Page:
Petrol Scarcity: NNPCL, Marketers Plan N148/litre Ex-depot Price
The Nigerian National Petroleum Company Limited is planning to sign an agreement with independent oil marketers to ensure that the ex-depot price of petrol is N148/litre.
The National Controller, Operations, Independent Petroleum Marketers Association of Nigeria, Mike Osatuyi, told The PUNCH on Thursday, that IPMAN was currently holding a series of meetings with the new Managing Director of NNPCL Retail, Hubb Stockman, who promised to supply IPMAN members products directly.
This came as the Presidential Candidate of the All Progressives Congress, Bola Tinubu, on Thursday, said no matter how long people protest against the removal of subsidy on Premium Motor Spirit, popularly called petrol, the scheme must be stopped.
Speaking on the agreement with NNPCL, Osatuyi said, “They (NNPCL) have now put IPMAN under him (Stockman) directly, and he’s a good guy. With the series of meetings we have been having with him, something good will come out of it, latest by January.
“We will get products directly from NNPCL and we won’t have to go through the depots. He’s a white guy, and you know whites don’t play politics. By that, prices of products will go down. But what we are asking for again, is consistency in product delivery to us, and let it not be a one-off thing.”
The Chairman, IPMAN Satellite Depot, Akin Akinrinade, had told The PUNCH, on Wednesday, that private depot owners kept increasing prices, as petrol was currently sold to them above N200/litre.
The PUNCH observed that filling stations belonging to NNPCL sold petrol at N169/litre, while major marketers dispensed the product at N170/litre, as IPMAN sold theirs at about N250/litre, depending on the location.
The queues for petrol grew worse in Lagos on Thursday, but subsided in parts of Abuja.
Petrol sells N270/litre
Petrol is now selling at between N260 and N270/litre in Awka, the capital of Anambra State.
The News Agency of Nigeria monitored fuel availability and price situation on Thursday in the state and reported that the cost of transportation had sharply increased in response to the hike.
The NNPC mega and mini retail outlets in Awka were closed to customers as they had no products, while only private marketers’ outlets were selling with few vehicles queuing up to buy petrol. Some motorists in the town expressed concern that the price of petrol had continued to rise without anybody coming to their rescue. They accused the marketers of arbitrarily hiking prices because Christmas and New Year celebrations are near.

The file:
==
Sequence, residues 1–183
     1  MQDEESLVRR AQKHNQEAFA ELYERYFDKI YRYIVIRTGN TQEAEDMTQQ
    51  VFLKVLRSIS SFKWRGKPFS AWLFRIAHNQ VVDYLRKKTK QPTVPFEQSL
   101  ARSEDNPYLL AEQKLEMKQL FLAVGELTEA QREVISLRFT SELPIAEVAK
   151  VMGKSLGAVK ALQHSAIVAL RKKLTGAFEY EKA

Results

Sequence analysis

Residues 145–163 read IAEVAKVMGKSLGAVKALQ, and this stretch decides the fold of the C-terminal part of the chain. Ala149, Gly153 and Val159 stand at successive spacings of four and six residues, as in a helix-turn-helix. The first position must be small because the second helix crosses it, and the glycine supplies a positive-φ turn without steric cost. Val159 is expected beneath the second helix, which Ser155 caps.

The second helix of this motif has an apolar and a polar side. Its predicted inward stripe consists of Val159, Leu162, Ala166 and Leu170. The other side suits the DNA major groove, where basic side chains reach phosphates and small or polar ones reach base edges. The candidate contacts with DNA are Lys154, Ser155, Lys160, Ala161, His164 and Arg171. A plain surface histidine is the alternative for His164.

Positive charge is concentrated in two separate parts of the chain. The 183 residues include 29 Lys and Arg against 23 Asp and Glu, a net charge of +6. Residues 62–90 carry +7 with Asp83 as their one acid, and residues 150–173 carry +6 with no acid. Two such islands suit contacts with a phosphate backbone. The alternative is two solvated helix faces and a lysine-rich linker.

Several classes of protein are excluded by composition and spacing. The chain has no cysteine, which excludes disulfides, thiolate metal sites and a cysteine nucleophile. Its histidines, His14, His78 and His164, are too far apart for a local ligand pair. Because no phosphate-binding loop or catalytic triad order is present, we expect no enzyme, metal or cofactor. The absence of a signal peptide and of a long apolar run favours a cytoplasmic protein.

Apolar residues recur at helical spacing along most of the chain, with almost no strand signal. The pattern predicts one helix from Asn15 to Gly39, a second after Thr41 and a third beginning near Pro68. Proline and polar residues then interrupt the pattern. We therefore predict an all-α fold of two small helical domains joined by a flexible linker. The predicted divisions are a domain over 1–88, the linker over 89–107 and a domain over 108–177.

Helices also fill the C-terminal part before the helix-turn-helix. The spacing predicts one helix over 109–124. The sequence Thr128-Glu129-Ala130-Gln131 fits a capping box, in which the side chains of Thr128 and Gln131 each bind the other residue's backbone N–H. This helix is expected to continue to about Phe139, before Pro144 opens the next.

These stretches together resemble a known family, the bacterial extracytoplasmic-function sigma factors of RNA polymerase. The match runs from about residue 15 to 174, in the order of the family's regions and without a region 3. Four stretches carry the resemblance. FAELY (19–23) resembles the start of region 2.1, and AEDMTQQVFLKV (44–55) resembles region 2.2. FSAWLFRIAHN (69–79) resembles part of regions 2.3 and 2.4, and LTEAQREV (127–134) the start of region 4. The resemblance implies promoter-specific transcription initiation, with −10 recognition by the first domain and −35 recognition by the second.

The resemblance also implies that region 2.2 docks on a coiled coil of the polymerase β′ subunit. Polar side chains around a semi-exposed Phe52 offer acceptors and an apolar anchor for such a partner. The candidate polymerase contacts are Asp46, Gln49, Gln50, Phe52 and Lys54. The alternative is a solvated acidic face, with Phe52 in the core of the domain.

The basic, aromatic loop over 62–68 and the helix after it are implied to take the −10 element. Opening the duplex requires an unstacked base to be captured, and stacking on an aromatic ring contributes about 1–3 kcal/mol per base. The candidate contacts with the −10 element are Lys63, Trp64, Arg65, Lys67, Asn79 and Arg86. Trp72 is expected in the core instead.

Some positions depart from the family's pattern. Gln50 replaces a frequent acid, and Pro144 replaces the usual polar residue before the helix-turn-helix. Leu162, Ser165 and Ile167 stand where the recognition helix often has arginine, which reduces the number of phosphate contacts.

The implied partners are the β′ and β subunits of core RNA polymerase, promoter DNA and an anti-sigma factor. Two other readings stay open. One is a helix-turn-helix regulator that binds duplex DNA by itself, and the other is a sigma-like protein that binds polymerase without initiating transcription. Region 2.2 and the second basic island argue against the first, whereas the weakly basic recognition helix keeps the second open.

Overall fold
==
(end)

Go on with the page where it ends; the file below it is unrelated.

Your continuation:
NAN reports that fares for intracity shuttle had increased by 100 per cent as transporters now collect N200 for distances that cost N100 in the last.
Mrs. Jane Oranu, a civil servant who lives in Onitsha but works in Awka, said a one-way fare which was N300 now costs between N750 and N800.
Oranu said the increase in transport fare had put an additional burden on household finances.
She called on the Federal Government to intervene in the petrol price issue and save the masses from unbearable hardship.
In a reaction, Mr. Chinedu Anyaso, Chairman of IPMAN, Enugu Depot Community, blamed the price increase on cost of procuring products.
Anyaso, in charge of Anambra, Ebonyi and Enugu States, said marketers were now buying PMS at above N240 with N3 loading cost and N15 transportation per litre to their outlets.
“It is not our problem, the price we are selling is reflective of the ex-depot price which is N240, we pay N3 as loading cost and transport to our outlets with N15 that makes landing cost to be between N258 and N260.
“You can see that alternative to what is going on now is to be out of business but we have to remain in business to service our people, especially during this Christmas period. It is even affecting our businesses because our sales have dropped by about 50 per cent because customers are not buying, so we are calling on the federal government to supply products massively and directly to marketers and not through these private depot owners,” he said.
Anyaso urged members of the public to appreciate the role of marketers in the Southeast who were making efforts to make fuel available but explained that pricing is not within their control.
Source:- Punch Ng